Burt Crump, one of the most well-known baseball individuals in Vienna, died the morning of Sept. 20 of natural causes. He was 91.
Crump was best known for his 28-year tenure as the summertime Vienna Post 180 baseball manager, winning two state championships, five District 17 crowns and 448 games during his runs as the team's skipper from 1978 to 2005, stepping down at age 78. There was a season when he managed games after having radiation treatments for prostate cancer earlier in the day.
"He wanted to keep going, but we had to twist Dad's arm and talk him out of managing after that last year," said Crump's son Rick, who was an assistant coach that season along with Rich Owen. "He was a lot older than us, but Rich and I decided we couldn't coach anymore, so the timing was right."
Owen coached with Crump for 13 years.
"Burt knew everyone in Vienna and beyond and everyone loved and admired Burt," said Owen, a long friend and former 13-year assistant for Crump, who continued to look after his friend. "If you didn't know Burt, you wanted to know him. He had a great life and loved baseball. His mind was still sharp, but his body was wearing out."
His mind and memory still sharp, Crump was honored and presented with a plaque for his long service this past summer during the annual July 4 District 17 American Legion all-star game at Vienna's Waters Field. His health took a turn later in the month after a fall in his home, resulting in hospital and rehabilitation stays.
Crump reentered the hospital on Sept. 17. Rick Crump said kidney issues and low blood pressure led to his eventual death.
"He got called up to the Majors," said Jim Glassman, the manager of Alexandria Post 24, who phoned Crump at least once a week even though the two had not coached against each other for years. "If you know him, you liked him, and Burt was someone you could always trust."
Mike Nielsen played for Crump in the late 1980s, winning a state championship with Post 180 in 1987. In recent years his three sons played for Post 180.
"Playing Legion ball at that point was an elite thing," Neilsen said. "Everything was a fond memory. The players all loved Burt and had so much respect for him, and we had fun. He was Legion baseball. Now, there is baseball in heaven."
Nick Good is the current Post 180 manager. He told of how Crump stayed involved with the team, addressing the squad at a dinner prior to Vienna's district and state playoff championship runs this past season, and how they listened to what he said.
"You think he put on this uniform more than 600 times as a manager and provided leadership for all of those players," Good said. "He served a big commitment to his community and country. He did a lot right."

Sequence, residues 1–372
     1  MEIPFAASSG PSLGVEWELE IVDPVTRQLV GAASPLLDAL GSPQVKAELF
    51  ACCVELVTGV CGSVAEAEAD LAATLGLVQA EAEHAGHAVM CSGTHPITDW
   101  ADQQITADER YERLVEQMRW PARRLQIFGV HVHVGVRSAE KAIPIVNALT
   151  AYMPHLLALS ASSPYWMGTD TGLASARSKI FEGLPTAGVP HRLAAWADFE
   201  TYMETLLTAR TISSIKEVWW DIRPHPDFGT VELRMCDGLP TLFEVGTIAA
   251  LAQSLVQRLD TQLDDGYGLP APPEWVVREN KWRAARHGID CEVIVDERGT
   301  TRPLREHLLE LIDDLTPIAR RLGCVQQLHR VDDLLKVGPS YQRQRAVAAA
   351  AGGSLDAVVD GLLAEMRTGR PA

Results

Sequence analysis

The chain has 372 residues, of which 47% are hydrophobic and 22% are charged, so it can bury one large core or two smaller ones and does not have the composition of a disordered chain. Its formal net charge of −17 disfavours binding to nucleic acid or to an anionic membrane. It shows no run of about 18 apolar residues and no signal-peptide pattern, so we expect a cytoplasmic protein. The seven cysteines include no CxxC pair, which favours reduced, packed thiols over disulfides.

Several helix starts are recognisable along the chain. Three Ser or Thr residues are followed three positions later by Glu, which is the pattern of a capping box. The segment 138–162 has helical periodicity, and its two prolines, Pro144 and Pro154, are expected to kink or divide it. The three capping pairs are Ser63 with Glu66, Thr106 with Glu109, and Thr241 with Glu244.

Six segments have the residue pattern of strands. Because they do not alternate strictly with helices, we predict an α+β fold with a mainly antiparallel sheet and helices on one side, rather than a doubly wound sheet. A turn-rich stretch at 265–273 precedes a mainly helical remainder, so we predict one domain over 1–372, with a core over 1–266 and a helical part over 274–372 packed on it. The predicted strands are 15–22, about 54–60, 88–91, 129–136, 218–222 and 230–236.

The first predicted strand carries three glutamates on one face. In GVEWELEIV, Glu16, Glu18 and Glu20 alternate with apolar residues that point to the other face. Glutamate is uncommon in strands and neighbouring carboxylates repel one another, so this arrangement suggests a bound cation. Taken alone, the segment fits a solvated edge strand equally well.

As Nielsen and others explained, there was a time that young baseball players growing up in Vienna aspired to play Legion ball for Crump and Post 180 when they got old enough.
Bill Murphy, the longtime District 17 commissioner and friend of Crump's, couldn't help getting emotional when speaking of Crump.
"When you think of American Legion baseball in Vienna, you think of Burt Crump," Murphy said. "I will miss the guy. Even after he left as manager, Burt continued to follow the team. His heart was in baseball."
Frank Werman followed Crump as Post 180's manager.
"What strikes me about Burt was the impact he had on so many kids and people," Werman said. "There was so much give back in him, and everybody had a story about Burt."
Ray Zdancewicz coached against Crump's teams for years as an assistant coach and manager of the Falls Church Legion team.
"He was a stalwart for Northern Virginia baseball and the American Legion program, and such a good resource for all of us," Zdancewicz said. "He was a big presence."
It wasn't until Scott Rowland was named the head baseball coach at Oakton High School that he became involved with and got to know Crump, considerably his senior. Rowland would send Crump summer players from Oakton, then later regularly began meeting up with the Vienna manager for chats at the Post 180 Legion Hall, and continued to stay in touch until the end.
"If he wasn't at the Post, I'd call him up asking where he was and when he was getting there," Rowland said. "I enjoyed his companionship and talking baseball stories. He could tell them the best. He created a great thing at 180."
One of Post 180's biggest rivals has long been Springfield Post 176. Current Springfield manager Al Vaxmonsky coached against Crump many times.
"I will forever miss him," Vaxmonsky said. "He was a wonderful, wonderful, dedicated, solid person who loved the game. He knew the business, was a competitor and our teams had some great battles. Beating him was like beating three or four of those teams."
Harry Thomas remembers Crump welcoming him as a first-year manager for Falls Church Post 130 years ago.
"He was always the kindest guy to me," Thomas said. "Burt's heart was in the right place, and he never let ego get in the way."
Current Paul VI Catholic head baseball coach Billy Emerson wanted to, but never played for Crump, then later coached on his Post 180 staff.
"It's sad to see he's gone," Emerson said. "A friend and neighbor for a long time, and had a few beers with him many times. I loved the guy and always wanted to be around him. He helped me get my [high school] coaching jobs. Man, I could tell you some great stories."
Crump also was known for his annual spring-training baseball trips to Florida and pushup challenge against his players. He usually easily defeated them all, rattling off 50 or more pushups well into his 70s, with the younger players giving up long before Crump reached that mark.